A+ Guide to Hardware, Sixth Edition

slide25

Figure 2-25 The auxiliary 4-pin power cord provides power to the processor

A+ Guide to Hardware, Sixth Edition

steps to put a computer back together26
Steps to Put a Computer Back Together
  • Connect the power cords from the power supply to the motherboard (cont’d):
    • If case fan is present, connect power cord from the fan to pins on motherboard labeled “Fan Header”
    • If a CPU and cooler are already installed on motherboard, connect power cord from CPU to pins on motherboard labeled “Fan Header”
  • Connect wire leads from the front panel of the case to the front panel header on motherboard

A+ Guide to Hardware, Sixth Edition

slide27

Figure 2-28 Seven connectors from the front panel connect to the motherboard

A+ Guide to Hardware, Sixth Edition

slide28

Figure 2-29 Front panel header uses color-coded pins and labels

A+ Guide to Hardware, Sixth Edition

steps to put a computer back together29
Steps to Put a Computer Back Together
  • Look for a small triangle embedded on the connector that marks one of the outside wires as pin 1
    • Line up pin 1 on connector with pin 1 marked on motherboard
    • If labels on motherboard are not clear, consult user guide for help

Figure 2-30 Look for the small triangle embedded

on the wire lead connectors to orient the connector

correctly to the motherboard connector pins

A+ Guide to Hardware, Sixth Edition

steps to put a computer back together30
Steps to Put a Computer Back Together
  • Install the video card
  • Double-check each connection
  • Plug in keyboard, monitor, and mouse
  • Turn on the power and check that the PC is working properly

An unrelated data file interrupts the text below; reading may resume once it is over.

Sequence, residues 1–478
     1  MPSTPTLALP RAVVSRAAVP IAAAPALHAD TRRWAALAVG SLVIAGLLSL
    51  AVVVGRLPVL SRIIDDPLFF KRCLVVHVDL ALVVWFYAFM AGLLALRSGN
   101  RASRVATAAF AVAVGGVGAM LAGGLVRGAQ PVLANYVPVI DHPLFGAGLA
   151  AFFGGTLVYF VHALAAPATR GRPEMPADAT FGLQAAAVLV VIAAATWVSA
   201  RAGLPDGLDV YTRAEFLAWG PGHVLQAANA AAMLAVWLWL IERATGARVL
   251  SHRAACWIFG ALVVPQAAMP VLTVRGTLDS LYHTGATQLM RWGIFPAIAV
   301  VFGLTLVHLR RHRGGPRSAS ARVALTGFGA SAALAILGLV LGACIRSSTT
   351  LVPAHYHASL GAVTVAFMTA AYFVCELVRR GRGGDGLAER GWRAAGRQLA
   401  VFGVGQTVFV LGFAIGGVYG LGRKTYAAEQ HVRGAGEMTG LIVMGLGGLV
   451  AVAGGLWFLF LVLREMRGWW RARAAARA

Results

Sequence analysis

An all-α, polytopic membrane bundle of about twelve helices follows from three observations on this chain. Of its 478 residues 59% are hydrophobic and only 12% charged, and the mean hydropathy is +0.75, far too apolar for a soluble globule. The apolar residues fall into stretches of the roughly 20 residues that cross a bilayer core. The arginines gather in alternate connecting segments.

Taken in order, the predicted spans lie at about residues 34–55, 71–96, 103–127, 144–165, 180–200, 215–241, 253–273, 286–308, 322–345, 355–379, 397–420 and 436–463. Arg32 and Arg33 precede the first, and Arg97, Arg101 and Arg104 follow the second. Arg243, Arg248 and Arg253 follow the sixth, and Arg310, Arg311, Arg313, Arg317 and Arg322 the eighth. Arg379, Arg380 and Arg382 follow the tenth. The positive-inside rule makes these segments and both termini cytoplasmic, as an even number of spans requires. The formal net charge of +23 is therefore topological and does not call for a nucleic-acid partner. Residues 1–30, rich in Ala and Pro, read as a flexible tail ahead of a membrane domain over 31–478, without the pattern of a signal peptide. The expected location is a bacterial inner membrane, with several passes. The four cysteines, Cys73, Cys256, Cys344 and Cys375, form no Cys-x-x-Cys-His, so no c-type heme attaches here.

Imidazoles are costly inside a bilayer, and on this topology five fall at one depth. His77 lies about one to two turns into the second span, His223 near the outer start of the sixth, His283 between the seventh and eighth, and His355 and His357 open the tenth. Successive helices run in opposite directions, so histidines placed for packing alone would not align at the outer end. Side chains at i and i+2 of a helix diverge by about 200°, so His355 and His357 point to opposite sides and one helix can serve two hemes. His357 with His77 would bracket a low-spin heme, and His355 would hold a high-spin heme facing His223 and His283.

• If not, most likely a loose connection
  • Install the rest of the expansion cards

A+ Guide to Hardware, Sixth Edition

cooling methods and devices
Cooling Methods and Devices
  • If processor, expansion cards, and other components overheat:
    • System can get unstable
    • Components can fail or be damaged
  • Devices used to cool a system:
    • CPU and case fans
    • Coolers
    • Heat sinks
    • Liquid cooling systems
    • Dust-preventing tools

A+ Guide to Hardware, Sixth Edition

processor coolers fans and heat sinks
Processor Coolers, Fans, and Heat Sinks
  • Intel maximum heat limit:
    • 185 degrees F/85 degrees C
  • Good processor coolers maintain a temperature of:
    • 90-110 degrees F (32-43 degrees C)
  • Cooler: sits on top of processor
    • Consists of a fan and heat sink
    • Heat sink: uses fins that draw heat away from processor
    • Fan: blows drawn heat away from CPU unit

A+ Guide to Hardware, Sixth Edition

slide33

Figure 2-35 A cooler sits on top of a processor to help keep it cool

A+ Guide to Hardware, Sixth Edition

processor coolers fans and heat sinks34
Processor Coolers, Fans, and Heat Sinks
  • Cooler (cont’d):
    • Made of aluminum, copper or combination of both
    • Bracketed to motherboard using a wire or plastic clip
    • A creamlike thermal compound eliminates air pockets, helping to draw heat off the processor
      • Found between bottom of cooler heatsink and top of processor
      • Makes an airtight connection between fan and processor
    • Gets power using a 4-pin fan header on the motherboard

A+ Guide to Hardware, Sixth Edition

slide35

Figure 2-37 Thermal compound is already stuck to the bottom of this

cooler that was purchased boxed with the processor

A+ Guide to Hardware, Sixth Edition

slide36

Figure 2-38 A cooler fan gets its power from a 4-pin PWM

header on the motherboard

A+ Guide to Hardware, Sixth Edition

case fans and other fans and heat sinks
Case Fans and Other Fans and Heat Sinks
  • Case fans: help draw air out of the case to prevent overheating
    • Most cases have one or more positions on the case to hold a case fan
    • Large fans tend to perform better than small fans
  • Other fans:
    • Some graphics (video) cards come with a fan
    • Fan cards can be mounted next to graphics cards